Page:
Newspaper article The Journal (Newcastle, England)

Their Job to Care; in the Third of a Series on Social Care HANNAH DAVIES Speaks to Newcastle's Head of Social Care on What They're Doing to Improve Conditions for the City's Children

Newspaper article The Journal (Newcastle, England)

Their Job to Care; in the Third of a Series on Social Care HANNAH DAVIES Speaks to Newcastle's Head of Social Care on What They're Doing to Improve Conditions for the City's Children

Article excerpt

Byline: HANNAH DAVIES

MICK McCracken, Newcastle City Council's head of safeguarding and children's social care, seems a little on edge. And it's not surprising really.

Social services have come in for a lot of criticism over the years.

In late 2008 Haringey director of children's services Sharon Shoesmith was sacked for her role in the care of Baby P, whose suffering and death shocked the nation.

And a report published earlier this week, revealing the results of the British Association of Social Workers' survey of 1,390 social workers, found that 70% of those questioned admitted having been unable to protect a child because of the constraints of their job (I should add I interviewed Mick before this report came out). But whatever worries he does have, Mick is adamant that Newcastle social services department has improved after concerns about the way the Baby P case was handled.

He adds: "Every local authority in the country looked at social care after Baby P and in Newcastle I think we are in a pretty good position.

"That's not to say that we can't improve." Social services play a huge part in looking after the most vulnerable in our society - the elderly, the disabled and our children.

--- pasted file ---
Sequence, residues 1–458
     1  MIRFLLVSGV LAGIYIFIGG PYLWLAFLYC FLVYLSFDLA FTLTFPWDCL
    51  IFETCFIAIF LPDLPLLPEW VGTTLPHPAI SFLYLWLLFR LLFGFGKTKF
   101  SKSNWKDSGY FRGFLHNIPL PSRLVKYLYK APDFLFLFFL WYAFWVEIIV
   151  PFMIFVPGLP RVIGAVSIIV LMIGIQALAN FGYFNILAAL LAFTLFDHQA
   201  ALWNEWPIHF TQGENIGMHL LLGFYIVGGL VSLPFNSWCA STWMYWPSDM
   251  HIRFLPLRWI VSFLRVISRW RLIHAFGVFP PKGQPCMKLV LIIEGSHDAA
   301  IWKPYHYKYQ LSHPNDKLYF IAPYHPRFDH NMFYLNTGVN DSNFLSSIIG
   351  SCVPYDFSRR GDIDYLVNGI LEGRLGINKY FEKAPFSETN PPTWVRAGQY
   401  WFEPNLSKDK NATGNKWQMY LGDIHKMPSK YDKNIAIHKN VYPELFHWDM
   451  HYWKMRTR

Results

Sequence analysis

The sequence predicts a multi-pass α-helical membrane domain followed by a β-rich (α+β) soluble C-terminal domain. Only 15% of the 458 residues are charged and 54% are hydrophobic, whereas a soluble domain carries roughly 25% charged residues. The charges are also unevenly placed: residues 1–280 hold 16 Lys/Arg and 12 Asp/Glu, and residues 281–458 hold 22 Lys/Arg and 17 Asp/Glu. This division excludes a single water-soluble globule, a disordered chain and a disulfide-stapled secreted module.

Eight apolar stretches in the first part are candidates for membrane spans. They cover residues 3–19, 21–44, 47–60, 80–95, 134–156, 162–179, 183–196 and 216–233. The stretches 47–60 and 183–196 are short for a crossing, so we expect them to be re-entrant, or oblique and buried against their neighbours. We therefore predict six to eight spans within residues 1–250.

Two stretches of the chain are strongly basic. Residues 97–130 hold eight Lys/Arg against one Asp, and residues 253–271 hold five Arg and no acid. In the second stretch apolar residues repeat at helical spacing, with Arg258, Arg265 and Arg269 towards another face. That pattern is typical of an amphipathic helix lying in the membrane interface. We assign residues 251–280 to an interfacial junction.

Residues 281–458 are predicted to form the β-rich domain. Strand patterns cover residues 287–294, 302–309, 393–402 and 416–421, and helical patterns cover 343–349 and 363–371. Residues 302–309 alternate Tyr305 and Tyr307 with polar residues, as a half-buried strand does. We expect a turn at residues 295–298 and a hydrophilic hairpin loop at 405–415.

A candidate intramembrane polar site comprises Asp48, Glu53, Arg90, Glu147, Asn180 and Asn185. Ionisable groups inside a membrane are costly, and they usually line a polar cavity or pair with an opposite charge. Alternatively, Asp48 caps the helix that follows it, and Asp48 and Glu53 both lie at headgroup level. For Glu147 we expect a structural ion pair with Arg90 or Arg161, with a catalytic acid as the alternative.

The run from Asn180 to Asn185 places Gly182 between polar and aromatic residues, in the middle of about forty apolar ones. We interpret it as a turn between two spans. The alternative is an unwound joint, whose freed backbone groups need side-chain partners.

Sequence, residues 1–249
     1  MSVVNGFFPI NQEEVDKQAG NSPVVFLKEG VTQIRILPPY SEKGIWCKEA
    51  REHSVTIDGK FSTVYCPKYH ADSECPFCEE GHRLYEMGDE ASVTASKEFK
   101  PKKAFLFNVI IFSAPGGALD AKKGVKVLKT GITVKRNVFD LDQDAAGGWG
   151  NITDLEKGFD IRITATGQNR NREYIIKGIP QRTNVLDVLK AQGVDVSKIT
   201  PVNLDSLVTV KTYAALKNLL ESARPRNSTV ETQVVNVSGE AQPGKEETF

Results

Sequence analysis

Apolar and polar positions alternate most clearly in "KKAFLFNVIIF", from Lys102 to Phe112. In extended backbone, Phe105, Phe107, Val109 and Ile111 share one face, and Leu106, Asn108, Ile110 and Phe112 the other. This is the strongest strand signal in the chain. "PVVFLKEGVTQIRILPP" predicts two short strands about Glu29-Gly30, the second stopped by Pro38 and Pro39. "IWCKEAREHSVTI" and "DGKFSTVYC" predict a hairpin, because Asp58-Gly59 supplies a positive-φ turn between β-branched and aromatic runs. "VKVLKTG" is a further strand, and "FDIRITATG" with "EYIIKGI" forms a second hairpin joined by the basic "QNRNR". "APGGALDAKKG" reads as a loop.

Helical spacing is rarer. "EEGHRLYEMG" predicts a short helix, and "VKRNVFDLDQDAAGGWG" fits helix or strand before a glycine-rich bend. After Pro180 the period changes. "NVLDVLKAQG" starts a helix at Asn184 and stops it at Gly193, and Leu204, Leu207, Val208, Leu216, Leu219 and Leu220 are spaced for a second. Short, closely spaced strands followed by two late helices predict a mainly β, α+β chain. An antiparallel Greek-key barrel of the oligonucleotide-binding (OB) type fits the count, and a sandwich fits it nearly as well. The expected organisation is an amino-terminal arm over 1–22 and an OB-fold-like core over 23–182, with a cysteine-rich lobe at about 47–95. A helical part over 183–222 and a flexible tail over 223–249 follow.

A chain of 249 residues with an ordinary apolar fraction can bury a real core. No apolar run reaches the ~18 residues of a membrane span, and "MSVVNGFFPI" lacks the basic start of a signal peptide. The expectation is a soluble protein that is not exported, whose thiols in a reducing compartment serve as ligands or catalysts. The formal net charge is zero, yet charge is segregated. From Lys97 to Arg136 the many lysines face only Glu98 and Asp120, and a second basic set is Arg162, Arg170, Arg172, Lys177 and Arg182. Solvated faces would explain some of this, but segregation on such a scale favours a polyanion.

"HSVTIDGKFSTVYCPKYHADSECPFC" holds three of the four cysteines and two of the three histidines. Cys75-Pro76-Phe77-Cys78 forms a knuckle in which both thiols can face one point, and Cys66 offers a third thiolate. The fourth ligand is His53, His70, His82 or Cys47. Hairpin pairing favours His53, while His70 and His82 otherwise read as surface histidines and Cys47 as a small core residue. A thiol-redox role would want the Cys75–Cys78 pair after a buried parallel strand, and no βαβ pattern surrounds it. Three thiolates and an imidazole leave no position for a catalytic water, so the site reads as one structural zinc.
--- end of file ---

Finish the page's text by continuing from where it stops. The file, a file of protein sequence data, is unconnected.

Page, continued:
With high-profile neglect cases the number of children being taken into care by social services has increased by 40%.

Mick says: "This is largely because people are more aware of the issues and likely to report any concerns they have."

And whatever worries he has about the forthcoming Government cuts as part of the comprehensive spending review, he is keeping it more or less under his hat.

He said he could not give cast-iron guarantees that frontline services for children would not be affected by reductions in the council's budget.

But he added: "What we can say is there are other ways of reducing costs apart from in frontline services.

"We will have a budget for children's services and we will have a review. What we do is try to make every pound go a bit further.

"But we aren't looking to cut our support for our most vulnerable children and young people.

"We can't really say anything or guarantee anything because we don't know the situation ourselves."

The head of social services in a Lib-Dem controlled council, Mick most likely has a lot of pressures on him.

But I'm interested in how the care system works in our region, how a child enters the care system and how social services know how to help.

Mick says a call is put in to an initial response team.

These are social workers who make a decision whether or not to refer a case to a referral team and a decision is made within 24 hours.

An initial assessment is done within seven days, and often immediate support is given. A core assessment is then done. This is more detailed and takes place within 35 working days.

Social workers take the lead in this assessment but speak to health visitors and teachers who may also have an insight into the child's situation.

If a child is thought at any point of the process to be in immediate danger, action can be taken.

Mick says: "What we do now is focus on early intervention in the cases of vulnerable children, so any problems are dealt with before a crisis point is reached. …

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